In news from Greece, the government says it has reached a preliminary bailout deal with its international creditors ahead of a $3.5 billion payment to the European Central Bank on August 20. The deal in its current form includes a $95 billion bailout in exchange for harsh austerity measures. It does not include any debt relief. The deal must be passed by the Greek Parliament, the German Parliament and that of other European nations. The European Commission spokesperson spoke Tuesday, echoing caution from European officials who say the text of a final agreement has not yet been reached.
European Commission spokesperson Annika Breidthardt “What we have at the moment is a technical-level agreement reached by the staff of the institutions and the Greek authorities on the ground following the weeks of negotiations. What we don’t have at the moment is a political agreement, and that is what we would need.”
In Australia, Prime Minister Tony Abbott is facing criticism for his proposed greenhouse gas reduction goals, which seek to reduce carbon emissions by at least 26 percent by 2030. This plan rolls back a more ambitious proposal of reducing emissions by 30 percent over the same time period. Abbott’s conservative government also repealed laws last year requiring large companies to pay for carbon emissions. Scientists and environmental groups said the new greenhouse gas reduction plan is “way below” what’s needed to address climate change. Among the many to criticize the plan was Tony de Brum, the foreign minister of the Marshall Islands, who told the Australian broadcaster ABC any proposals that won’t limit the increase of warming to no more than two degrees Celsius threatens his country’s very existence.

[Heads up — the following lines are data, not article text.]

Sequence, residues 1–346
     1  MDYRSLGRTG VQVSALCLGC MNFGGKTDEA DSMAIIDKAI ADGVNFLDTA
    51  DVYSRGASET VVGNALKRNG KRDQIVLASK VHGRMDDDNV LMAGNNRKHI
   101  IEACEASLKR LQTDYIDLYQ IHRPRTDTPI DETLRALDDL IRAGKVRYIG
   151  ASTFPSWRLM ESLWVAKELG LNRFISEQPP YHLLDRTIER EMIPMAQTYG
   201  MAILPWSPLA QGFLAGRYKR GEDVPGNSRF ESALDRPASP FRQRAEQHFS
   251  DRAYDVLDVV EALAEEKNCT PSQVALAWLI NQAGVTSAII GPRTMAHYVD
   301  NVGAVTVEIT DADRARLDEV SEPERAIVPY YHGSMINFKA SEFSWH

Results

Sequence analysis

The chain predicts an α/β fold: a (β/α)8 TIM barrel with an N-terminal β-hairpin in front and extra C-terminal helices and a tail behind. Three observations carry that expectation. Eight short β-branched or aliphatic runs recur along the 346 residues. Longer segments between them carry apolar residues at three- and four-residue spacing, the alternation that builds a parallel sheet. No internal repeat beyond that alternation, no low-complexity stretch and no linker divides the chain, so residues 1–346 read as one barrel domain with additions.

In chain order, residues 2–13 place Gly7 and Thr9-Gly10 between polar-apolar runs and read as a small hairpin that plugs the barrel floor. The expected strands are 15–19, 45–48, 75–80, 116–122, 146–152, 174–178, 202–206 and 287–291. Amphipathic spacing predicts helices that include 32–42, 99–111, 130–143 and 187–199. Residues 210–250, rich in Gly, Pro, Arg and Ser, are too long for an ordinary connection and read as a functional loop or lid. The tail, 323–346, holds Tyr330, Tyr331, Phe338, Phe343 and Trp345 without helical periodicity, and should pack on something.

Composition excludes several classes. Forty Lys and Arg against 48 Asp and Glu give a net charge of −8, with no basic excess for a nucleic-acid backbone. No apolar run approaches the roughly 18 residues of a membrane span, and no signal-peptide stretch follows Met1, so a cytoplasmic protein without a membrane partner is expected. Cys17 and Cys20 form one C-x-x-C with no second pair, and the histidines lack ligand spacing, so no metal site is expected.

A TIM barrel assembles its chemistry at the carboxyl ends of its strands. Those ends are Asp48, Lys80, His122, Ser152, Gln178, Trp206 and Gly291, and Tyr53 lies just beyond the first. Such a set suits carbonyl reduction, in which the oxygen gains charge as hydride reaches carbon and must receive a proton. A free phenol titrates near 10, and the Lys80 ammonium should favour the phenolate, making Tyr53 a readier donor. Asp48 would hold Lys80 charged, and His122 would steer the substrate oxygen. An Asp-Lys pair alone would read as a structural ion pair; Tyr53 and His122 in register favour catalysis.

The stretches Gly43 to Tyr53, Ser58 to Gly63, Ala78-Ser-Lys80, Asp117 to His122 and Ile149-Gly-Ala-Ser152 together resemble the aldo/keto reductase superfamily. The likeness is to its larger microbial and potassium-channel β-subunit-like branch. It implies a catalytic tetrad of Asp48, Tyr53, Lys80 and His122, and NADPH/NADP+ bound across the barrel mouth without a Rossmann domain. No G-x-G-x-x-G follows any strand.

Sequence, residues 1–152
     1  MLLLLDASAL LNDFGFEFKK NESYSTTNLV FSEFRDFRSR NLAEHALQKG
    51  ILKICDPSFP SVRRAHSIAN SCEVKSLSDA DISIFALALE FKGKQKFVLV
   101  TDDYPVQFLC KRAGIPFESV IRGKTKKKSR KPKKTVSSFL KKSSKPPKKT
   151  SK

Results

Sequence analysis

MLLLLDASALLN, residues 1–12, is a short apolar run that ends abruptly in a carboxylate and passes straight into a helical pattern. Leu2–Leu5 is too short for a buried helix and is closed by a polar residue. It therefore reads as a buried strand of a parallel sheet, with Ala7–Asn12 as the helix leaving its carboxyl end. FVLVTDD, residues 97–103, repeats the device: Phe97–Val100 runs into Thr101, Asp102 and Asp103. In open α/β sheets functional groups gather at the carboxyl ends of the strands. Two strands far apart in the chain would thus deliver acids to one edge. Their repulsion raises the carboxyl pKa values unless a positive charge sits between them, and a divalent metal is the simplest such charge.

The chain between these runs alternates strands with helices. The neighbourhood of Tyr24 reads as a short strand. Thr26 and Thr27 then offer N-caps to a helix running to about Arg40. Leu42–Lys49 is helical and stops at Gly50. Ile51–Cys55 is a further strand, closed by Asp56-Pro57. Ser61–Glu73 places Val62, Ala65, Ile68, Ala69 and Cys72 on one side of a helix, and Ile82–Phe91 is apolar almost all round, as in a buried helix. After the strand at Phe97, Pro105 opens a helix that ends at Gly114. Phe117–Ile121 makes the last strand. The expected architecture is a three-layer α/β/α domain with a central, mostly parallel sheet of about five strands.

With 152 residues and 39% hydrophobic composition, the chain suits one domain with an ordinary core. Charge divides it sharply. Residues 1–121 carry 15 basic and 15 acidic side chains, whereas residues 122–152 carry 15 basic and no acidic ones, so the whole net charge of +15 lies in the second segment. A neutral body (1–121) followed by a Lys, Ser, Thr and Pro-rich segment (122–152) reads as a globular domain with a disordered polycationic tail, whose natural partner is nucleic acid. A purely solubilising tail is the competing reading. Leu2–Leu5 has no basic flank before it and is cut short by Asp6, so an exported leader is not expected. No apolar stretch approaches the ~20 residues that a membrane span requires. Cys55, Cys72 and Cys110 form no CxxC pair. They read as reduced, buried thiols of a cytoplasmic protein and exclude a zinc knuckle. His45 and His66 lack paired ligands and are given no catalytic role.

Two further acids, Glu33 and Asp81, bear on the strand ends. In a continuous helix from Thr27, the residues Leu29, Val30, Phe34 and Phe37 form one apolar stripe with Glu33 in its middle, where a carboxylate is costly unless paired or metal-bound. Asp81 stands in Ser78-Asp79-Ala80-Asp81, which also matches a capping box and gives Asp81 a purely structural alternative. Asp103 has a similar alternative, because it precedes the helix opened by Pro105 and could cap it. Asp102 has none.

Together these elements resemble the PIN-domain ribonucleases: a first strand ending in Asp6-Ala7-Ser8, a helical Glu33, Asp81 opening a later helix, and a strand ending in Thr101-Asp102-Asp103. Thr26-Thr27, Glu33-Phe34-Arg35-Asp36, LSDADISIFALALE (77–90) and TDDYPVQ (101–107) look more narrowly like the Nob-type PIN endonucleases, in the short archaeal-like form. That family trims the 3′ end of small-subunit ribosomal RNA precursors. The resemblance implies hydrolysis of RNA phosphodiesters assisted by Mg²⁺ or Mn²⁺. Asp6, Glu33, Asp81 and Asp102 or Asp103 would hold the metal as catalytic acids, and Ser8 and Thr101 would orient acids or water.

Marshall Islands Foreign Minister Tony de Brum “Anything over two degrees for us is the end of our country. We’ll go underwater when that happens. That’s why we’re saying it’s important for Australia, as our big brother to the south, to take our cause and not to do things that would endanger our very existence.”
In news from Ferguson, Missouri, the St. Louis County Police Department has released a video it says shows African-American teenager Tyrone Harris drawing a pistol before he was shot and critically injured by Ferguson police officers Sunday night. The shooting occurred during the ongoing protests over the first anniversary of Michael Brown’s death. Harris has been charged with four counts of assault on law enforcement and is being held on $250,000 bail. His father says Harris did not have a gun.